Movie Review | Michael lacks creativity
By DECCAN CHRONICLE | L. Ravichander
This Ranjit Jeyakodi Friday tryst is just another meaningless indulgence in violence, action, and thrills. This vendetta-seeking tale that divides the homo sapiens into the evil and the perfect and the evil having a long opulent stay is so, so stacked with predictable templates and twists that you feel cheated that someone fooled you yet again with a pretentious claim of having made a fresh film with a new story to tell.
It is indeed intriguing as to why a creative filmmaker would set out in the first place to embark on a story that has its core been told so many times. Oh! Yes, Raj Kapoor took up the age-old ‘boy-meets-girl in rich and poor background’ story but told it in a way only he could with ‘Bobby’. Is Ranjit Jeyakodi out there to tell the old story, but with character and difference? Not even attempted.
Wronged by circumstances, young Michael is the illegitimate son of the local villain Gurunath (Gautham Vasudev Menon) and a club singer. When the relationship comes to the notice of the wife of Gurunath, Charulata (Anasuya Bharadwaj) she spews fire and literally sets the house on fire. Michael grows up as an orphan. He wears dare and devilry on his sleeve and even saves Gurunath from an attack by the enemies – establishing a bond with his dad who for all his intelligence does not bother to be informed of the crooner or the child. He, however, gets the orphan Michael under the tutelage of his man Swami (Ayyappa Sharma) who rears the kid to be a courageous killer in the enemy camp: Michael (Sudeep Kishan).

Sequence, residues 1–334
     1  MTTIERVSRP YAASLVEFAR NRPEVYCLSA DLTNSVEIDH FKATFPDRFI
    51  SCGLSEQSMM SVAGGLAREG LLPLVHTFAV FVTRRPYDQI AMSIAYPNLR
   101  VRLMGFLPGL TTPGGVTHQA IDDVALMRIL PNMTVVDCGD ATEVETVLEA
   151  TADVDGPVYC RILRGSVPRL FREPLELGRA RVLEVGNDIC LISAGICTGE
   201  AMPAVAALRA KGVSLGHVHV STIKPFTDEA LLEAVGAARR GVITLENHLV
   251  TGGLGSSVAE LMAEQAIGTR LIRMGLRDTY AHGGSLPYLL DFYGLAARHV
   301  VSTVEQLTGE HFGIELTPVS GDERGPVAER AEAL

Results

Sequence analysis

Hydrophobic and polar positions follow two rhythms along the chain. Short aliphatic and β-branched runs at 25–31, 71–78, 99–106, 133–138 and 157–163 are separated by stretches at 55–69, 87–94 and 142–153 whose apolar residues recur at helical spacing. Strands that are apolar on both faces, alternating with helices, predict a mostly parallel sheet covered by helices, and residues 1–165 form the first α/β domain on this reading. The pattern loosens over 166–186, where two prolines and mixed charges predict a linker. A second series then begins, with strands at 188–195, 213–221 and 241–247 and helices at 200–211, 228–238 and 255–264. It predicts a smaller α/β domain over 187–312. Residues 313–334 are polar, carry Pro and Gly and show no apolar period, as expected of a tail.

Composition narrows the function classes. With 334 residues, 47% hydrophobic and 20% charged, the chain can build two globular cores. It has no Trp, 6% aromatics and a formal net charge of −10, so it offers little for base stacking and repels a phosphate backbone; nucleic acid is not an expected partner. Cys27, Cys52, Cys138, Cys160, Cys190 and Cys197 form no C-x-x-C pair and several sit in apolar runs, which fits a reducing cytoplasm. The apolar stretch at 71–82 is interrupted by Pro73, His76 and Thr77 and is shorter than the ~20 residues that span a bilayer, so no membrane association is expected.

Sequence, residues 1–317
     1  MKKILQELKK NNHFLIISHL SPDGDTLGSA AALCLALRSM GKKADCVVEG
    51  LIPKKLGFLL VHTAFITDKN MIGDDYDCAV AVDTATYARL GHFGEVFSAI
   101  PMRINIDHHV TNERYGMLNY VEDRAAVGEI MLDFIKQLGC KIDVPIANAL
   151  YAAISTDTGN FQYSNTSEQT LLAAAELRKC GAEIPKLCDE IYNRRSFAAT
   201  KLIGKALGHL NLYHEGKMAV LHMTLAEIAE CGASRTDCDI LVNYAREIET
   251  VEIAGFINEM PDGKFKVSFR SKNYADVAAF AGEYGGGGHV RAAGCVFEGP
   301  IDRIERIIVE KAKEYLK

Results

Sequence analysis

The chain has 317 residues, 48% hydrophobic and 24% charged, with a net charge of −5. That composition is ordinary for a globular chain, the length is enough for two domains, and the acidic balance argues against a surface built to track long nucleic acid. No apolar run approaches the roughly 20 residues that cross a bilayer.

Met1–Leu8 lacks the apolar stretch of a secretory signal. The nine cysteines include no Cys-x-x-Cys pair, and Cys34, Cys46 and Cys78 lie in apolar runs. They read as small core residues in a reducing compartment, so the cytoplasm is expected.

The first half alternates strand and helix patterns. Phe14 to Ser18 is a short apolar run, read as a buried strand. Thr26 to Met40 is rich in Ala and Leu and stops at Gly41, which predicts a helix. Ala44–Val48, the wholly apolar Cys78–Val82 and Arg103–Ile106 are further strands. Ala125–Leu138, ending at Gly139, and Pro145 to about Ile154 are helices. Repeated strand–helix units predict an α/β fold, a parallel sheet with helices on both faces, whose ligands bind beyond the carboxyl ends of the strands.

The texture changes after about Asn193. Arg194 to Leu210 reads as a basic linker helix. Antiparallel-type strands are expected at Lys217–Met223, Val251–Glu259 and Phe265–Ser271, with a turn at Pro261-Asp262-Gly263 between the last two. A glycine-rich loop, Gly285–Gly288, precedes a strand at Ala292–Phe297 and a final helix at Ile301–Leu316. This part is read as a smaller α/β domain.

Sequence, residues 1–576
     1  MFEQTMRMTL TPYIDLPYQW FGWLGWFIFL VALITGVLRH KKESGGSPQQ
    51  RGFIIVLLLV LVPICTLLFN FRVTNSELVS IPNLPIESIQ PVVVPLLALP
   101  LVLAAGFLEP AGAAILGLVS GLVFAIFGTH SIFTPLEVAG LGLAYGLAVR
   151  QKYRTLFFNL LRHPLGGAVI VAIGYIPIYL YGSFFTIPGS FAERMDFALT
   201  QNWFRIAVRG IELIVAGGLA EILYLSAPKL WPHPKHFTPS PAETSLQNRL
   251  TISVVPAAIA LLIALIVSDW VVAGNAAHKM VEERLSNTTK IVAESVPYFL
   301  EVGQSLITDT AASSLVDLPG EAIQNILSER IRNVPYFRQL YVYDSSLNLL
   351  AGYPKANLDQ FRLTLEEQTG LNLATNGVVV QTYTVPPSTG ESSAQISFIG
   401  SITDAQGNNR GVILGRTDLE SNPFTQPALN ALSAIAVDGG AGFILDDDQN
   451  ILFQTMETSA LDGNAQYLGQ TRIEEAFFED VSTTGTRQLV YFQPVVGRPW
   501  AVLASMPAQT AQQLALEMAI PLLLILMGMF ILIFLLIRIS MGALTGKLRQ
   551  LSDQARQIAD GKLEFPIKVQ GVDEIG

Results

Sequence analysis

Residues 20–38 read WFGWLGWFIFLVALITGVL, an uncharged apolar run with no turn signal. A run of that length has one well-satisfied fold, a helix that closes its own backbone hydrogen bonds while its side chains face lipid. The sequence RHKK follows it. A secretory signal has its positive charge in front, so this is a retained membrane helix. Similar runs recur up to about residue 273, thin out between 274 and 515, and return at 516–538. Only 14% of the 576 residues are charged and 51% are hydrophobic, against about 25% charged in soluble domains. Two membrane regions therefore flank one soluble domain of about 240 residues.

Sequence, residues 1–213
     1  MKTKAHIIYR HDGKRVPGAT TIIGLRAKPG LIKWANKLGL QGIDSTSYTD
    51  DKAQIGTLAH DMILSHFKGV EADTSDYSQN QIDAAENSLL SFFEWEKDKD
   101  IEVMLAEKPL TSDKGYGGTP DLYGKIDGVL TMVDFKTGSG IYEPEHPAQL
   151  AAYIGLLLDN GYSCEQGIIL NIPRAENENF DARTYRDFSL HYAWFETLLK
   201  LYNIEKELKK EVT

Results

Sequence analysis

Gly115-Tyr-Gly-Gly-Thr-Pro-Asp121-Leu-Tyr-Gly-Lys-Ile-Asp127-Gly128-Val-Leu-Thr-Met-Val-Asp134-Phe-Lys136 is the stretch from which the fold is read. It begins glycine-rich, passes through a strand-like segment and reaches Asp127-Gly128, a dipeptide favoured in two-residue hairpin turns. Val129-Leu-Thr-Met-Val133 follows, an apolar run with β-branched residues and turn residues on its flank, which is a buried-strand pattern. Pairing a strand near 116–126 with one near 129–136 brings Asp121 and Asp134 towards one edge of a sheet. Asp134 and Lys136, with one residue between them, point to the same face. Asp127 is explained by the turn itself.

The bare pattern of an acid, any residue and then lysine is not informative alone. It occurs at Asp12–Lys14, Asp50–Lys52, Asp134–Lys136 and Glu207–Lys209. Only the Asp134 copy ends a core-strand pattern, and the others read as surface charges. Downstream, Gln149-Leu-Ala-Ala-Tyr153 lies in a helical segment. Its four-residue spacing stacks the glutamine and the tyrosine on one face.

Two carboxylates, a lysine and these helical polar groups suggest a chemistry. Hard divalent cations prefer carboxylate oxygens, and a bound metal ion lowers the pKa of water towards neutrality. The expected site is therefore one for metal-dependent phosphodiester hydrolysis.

Villains, enemy camps, drug cartels, fights, one-upmanship, and smart alecs with muck on their face is now what we get to view in the name of the story.
Gurunath has a proverbially useless yet ambitious son in Amar Varun Sandesh who hams with not a single positive movement in the entire 150 minutes at the theatre.
The narrative gets on the rail when Gurunath sets Michael on the task of eliminating two people in Delhi. One is Theera (Divyansha Karthik) and her Dad Ratan (Anish Kuruvilla) – the latter guilty of an abortive assassination attempt on Gurunath.
Why such a low-lying villain in the hierarchy of baddies plans without success such a brave abortive move is part of the story.
Instead of moving aimlessly like Ranjit Jeyakodi, time to tell you that Michael simply can't get himself to shoot Theera and also fails to kill Ratan on knowing that he is the dad of Theera. The team of baddies troop in and make crude attempts to kill Michael who raises like the proverbial phoenix and sets the righteous perspective in place. What is however very slim is the note with which the film ends: a sequel. This is more in the nature of a warning than a foundation for the continued trust with chaos.
The cast is surely and justifiably not convinced of the script. They all appear to be on paid holiday. The likes of Varun Sandesh and Anasuya Bharadwaj are over the top. Gautham Vasudev Menon has the best role in the film. With a suspect dialogue delivery style, he fails to take off as the crafty villain who is aware of all that is happening.
Divyansha Kaushik needs immediately to do something about her emotive skills as she looks lost in the film.
Vijay Sethupathi and Varalaxmi Sarathkumar arrive too late. They have half-baked roles and can do nothing to salvage the film. Expectedly the film rests heavily on the central character Michael essayed by Sundeep Kishan. This is not the time to evaluate whether he has the wherewithal to carry this film on his shoulder. If he does, it is a well-kept secret. A single serious expression for a constant companion to a Tollywood mainstream actor is a contradiction in terms.
This film is buried in too much mediocrity and lack of creative honesty to make an impact at the Box Office which obviously is the only objective.